Unclaimed lottery prizes: $2 billion a year

lottery tickets
Millions of with lottery tickets worth billions in prizes go unclaimed each year.

Stashed in desk drawers, the tops of dressers, under refrigerator magnets and in piles of accumulated scrap paper lie millions of winning lottery tickets worth billions of dollars.

Brett Jacobson knows that better than anyone.

The creator of a smart phone app that alerts people if they have a winning lottery ticket, Jacobson filed public records requests with lottery commissions around the country to find out just how many prizes go unclaimed.

The total is astonishing: $2.04 billion went unclaimed in 2013 alone. Since each state runs its own lottery independently, the nationwide total had been a mystery until now. Lottery officials have estimated in the past that unclaimed prizes nationwide might approach $800 million annually.

Most of the winning tickets are worth only a couple of bucks, maybe $50 or $100 each. Many are $2 or $4 winners. But there are plenty of tickets worth thousands, even $1 million or more that never are turned in.

And Jacobson says that the annual total is likely to only grow larger.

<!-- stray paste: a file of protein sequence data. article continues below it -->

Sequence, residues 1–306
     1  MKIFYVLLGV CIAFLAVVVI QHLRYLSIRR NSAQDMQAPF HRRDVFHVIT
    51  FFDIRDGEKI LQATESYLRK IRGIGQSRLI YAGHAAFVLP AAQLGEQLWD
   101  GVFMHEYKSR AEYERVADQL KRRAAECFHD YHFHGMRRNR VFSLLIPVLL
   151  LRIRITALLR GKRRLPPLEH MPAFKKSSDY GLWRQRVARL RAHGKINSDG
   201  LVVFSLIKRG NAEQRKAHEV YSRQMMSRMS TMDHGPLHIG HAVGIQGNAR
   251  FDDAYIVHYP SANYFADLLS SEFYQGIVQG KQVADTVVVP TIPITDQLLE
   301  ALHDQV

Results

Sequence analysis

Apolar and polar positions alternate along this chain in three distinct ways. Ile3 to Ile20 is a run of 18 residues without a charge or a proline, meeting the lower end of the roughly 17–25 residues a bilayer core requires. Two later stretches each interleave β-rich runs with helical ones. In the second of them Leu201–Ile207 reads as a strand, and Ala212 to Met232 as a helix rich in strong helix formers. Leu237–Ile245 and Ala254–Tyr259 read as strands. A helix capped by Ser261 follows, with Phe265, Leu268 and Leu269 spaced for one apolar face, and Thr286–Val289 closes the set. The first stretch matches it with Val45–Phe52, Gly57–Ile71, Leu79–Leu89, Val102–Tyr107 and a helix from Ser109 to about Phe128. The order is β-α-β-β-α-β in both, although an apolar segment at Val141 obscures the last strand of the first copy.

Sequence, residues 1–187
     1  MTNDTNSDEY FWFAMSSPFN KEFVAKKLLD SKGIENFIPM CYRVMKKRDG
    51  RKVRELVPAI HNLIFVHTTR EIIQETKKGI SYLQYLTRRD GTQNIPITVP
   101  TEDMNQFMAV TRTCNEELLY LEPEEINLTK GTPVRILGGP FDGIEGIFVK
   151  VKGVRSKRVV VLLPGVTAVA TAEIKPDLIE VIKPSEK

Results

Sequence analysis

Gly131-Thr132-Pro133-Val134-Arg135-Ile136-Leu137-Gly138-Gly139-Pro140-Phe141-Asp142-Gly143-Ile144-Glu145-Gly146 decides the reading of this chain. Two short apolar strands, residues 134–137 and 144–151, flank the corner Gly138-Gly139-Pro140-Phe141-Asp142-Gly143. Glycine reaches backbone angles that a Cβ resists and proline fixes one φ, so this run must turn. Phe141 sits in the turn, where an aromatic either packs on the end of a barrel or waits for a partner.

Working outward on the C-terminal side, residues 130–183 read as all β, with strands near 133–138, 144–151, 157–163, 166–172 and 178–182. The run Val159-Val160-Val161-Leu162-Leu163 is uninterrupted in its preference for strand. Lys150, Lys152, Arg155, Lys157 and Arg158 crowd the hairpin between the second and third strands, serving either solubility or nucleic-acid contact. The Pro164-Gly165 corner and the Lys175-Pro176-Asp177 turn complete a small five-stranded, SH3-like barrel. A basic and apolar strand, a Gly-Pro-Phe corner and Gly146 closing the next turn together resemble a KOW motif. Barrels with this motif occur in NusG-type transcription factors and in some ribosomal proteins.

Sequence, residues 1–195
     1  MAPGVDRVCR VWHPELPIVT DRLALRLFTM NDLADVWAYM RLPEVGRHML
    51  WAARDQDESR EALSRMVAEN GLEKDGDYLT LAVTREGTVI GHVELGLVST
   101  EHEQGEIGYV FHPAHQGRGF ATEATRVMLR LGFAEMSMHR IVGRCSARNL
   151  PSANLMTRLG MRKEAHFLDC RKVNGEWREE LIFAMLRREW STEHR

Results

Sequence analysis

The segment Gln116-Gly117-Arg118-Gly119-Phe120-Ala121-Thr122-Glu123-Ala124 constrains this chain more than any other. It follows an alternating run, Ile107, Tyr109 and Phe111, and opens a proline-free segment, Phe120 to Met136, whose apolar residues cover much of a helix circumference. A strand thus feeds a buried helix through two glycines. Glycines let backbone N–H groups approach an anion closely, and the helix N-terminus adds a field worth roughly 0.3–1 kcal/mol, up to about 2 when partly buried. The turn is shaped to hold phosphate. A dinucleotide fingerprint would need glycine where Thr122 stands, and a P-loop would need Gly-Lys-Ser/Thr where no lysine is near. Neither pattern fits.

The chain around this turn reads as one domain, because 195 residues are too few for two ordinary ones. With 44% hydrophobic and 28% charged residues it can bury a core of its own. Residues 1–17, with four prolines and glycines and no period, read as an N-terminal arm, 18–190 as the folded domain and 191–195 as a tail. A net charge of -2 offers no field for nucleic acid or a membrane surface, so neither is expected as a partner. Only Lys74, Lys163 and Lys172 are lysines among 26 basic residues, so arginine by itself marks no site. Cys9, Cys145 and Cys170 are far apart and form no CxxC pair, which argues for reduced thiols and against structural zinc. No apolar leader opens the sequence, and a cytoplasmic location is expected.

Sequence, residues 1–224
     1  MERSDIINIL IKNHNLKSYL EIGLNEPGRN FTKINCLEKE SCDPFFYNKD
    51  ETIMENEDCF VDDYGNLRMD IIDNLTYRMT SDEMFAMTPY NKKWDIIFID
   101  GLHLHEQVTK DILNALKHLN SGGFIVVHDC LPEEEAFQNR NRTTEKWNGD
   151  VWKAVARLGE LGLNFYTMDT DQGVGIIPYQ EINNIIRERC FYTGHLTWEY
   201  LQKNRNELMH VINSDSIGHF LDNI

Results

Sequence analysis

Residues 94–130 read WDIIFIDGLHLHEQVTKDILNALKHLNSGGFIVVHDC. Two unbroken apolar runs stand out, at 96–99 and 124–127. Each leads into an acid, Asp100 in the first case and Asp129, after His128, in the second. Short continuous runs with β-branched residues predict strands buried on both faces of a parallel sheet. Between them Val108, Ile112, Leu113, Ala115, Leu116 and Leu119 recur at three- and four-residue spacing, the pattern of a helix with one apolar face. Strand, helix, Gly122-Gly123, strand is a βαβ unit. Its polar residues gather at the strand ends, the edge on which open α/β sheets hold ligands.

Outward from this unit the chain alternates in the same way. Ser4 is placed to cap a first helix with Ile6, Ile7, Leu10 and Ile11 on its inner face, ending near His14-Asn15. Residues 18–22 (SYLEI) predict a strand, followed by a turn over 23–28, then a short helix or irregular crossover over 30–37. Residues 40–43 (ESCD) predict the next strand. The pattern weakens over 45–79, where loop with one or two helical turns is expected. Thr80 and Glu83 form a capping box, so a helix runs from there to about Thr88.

"They're selling more and more lottery tickets every year," he said. "People don't even realize there are secondary prizes."

Jacobson said he decided to create the app when he and a group of friends rounded up a bunch of old lottery tickets and took them down to the corner store to see if they had any winners.

"We had something like $200 in winning tickets. But all but $51 of that had already expired. That was the impetus," he said.

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The app, Lotto Lotto, allows lottery players to take a picture of their tickets in order to record their numbers. If the lottery was already held, it'll let them know of any prize on the ticket. If the drawing hasn't happened yet, the app will send an alert if it's a winner.

The app is free. Jacobson makes money with payments from retailers who sell lottery tickets. The app tells users where they can buy tickets, and can also alert them when jackpots reach a level at which they'll want to buy a ticket. And the retailers also benefit when the apps' users find out about a winning ticket, Jacobson said.

Related: States that don't have lotteries

"The retailers and even the state lotteries want people to cash in secondary prizes," said Jacobson. "You're not going to take $4 and go home. You going to buy more tickets."

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